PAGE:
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Fall offers chance to see leaves in color

By: Eric Czarnik | C&G Newspapers | Published September 25, 2018

METRO DETROIT — Don’t leaf the occasion for fall tree viewing by car off your schedule until it’s too late.

According to AAA, 65 percent of Michiganders plan to take a trip locally, nationally or internationally sometime between September and November.

AAA Michigan Public Affairs Specialist Gary Bubar said the changing leaf colors and fall tourism season start in the Upper Peninsula and around the Mackinac Bridge in later September. 

A couple of weeks later, the leaves turn their peak colors deeper into the Lower Peninsula, Bubar said. Around mid-October is when peak leaf colors and tourism activity happen more locally, he added.

“Once the weather cools, that gets people thinking about it a little bit more too,” he said. “The first couple of weeks of October is the bigger time period.”

Bubar said the fall tourism tends to end when the cold weather and ice start coming. In the meantime, he said a fall road trip has plenty to offer.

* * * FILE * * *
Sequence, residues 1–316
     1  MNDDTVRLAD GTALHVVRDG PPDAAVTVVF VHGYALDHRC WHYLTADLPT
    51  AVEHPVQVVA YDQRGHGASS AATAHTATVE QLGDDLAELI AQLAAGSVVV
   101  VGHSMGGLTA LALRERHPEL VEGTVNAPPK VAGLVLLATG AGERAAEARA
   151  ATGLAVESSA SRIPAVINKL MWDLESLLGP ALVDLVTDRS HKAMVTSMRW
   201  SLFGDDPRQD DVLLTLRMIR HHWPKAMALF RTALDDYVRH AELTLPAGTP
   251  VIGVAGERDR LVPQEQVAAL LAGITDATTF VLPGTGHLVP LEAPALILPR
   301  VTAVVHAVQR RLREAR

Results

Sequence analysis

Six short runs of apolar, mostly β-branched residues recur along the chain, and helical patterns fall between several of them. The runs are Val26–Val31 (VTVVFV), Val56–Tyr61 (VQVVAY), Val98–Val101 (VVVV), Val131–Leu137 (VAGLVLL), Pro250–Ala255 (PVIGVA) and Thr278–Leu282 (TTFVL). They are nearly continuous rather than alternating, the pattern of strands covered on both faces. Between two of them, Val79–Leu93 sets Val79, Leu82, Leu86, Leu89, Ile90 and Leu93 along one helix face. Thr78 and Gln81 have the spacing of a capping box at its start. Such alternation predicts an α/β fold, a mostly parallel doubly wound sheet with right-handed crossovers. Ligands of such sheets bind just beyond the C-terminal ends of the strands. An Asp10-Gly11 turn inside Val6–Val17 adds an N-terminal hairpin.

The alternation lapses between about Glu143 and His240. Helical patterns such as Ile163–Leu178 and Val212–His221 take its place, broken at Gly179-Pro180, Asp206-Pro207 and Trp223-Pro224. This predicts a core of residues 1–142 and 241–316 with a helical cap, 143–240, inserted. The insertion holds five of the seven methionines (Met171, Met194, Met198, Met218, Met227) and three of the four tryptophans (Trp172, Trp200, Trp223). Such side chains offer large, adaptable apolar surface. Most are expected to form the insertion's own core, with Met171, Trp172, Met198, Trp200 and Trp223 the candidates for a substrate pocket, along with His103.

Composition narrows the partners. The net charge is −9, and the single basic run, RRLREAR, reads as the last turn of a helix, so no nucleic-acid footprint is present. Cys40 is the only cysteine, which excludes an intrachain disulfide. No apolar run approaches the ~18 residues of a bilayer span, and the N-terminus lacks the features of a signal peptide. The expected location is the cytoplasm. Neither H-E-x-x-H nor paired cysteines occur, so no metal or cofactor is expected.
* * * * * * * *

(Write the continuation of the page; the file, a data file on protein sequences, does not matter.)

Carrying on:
“Most of those trips in Michigan are really because of the smaller crowds. They don’t have all the folks we had during summertime,” Bubar said. “Very often the prices are less too. The prices drop after Labor Day. We anticipate that gas prices will follow also.” 

Bubar recommended that any vehicle going on a road trip should first get a mechanic’s inspection to make sure it’s running OK and the tires are fine.

In an email, Michigan Economic Development Corporation public relations director and tourism expert Michelle Grinnell had a few road trip ideas for people who wanted to see nature’s colors at state parks. She suggested Up North sites such as Fort Wilkins Historic State Park, Porcupine Mountains Wilderness State Park, and Young State Park by Boyne City. 

On the state’s west side, the trails around Saugatuck Dunes State Park offer “gorgeous colors,” she said.

“For those looking for an option closer to metro Detroit, Holly State Recreation Area offers waterside hiking and diverse tree species (meaning lots of different colors),” she added.

Find out more about AAA Michigan by visiting